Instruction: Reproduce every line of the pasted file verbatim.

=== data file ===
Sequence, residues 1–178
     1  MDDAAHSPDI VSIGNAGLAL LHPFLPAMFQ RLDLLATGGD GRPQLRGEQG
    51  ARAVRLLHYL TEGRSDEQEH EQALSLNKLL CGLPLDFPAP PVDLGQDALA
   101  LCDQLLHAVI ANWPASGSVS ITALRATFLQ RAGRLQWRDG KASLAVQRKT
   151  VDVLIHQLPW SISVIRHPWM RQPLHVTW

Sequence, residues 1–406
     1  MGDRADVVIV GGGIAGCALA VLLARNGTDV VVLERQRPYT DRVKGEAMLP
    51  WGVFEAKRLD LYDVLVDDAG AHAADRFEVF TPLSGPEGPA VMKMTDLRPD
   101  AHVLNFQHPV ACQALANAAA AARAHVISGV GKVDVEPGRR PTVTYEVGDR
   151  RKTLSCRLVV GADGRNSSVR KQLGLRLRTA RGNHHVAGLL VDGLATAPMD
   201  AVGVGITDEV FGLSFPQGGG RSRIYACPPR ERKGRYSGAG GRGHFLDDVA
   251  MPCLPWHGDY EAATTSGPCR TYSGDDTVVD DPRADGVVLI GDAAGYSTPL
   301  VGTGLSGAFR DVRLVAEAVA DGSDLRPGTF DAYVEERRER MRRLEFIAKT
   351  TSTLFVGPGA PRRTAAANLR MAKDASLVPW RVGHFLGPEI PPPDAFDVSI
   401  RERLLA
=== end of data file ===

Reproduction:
Sequence, residues 1–178
     1  MDDAAHSPDI VSIGNAGLAL LHPFLPAMFQ RLDLLATGGD GRPQLRGEQG
    51  ARAVRLLHYL TEGRSDEQEH EQALSLNKLL CGLPLDFPAP PVDLGQDALA
   101  LCDQLLHAVI ANWPASGSVS ITALRATFLQ RAGRLQWRDG KASLAVQRKT
   151  VDVLIHQLPW SISVIRHPWM RQPLHVTW

Sequence, residues 1–406
     1  MGDRADVVIV GGGIAGCALA VLLARNGTDV VVLERQRPYT DRVKGEAMLP
    51  WGVFEAKRLD LYDVLVDDAG AHAADRFEVF TPLSGPEGPA VMKMTDLRPD
   101  AHVLNFQHPV ACQALANAAA AARAHVISGV GKVDVEPGRR PTVTYEVGDR
   151  RKTLSCRLVV GADGRNSSVR KQLGLRLRTA RGNHHVAGLL VDGLATAPMD
   201  AVGVGITDEV FGLSFPQGGG RSRIYACPPR ERKGRYSGAG GRGHFLDDVA
   251  MPCLPWHGDY EAATTSGPCR TYSGDDTVVD DPRADGVVLI GDAAGYSTPL
   301  VGTGLSGAFR DVRLVAEAVA DGSDLRPGTF DAYVEERRER MRRLEFIAKT
   351  TSTLFVGPGA PRRTAAANLR MAKDASLVPW RVGHFLGPEI PPPDAFDVSI
   401  RERLLA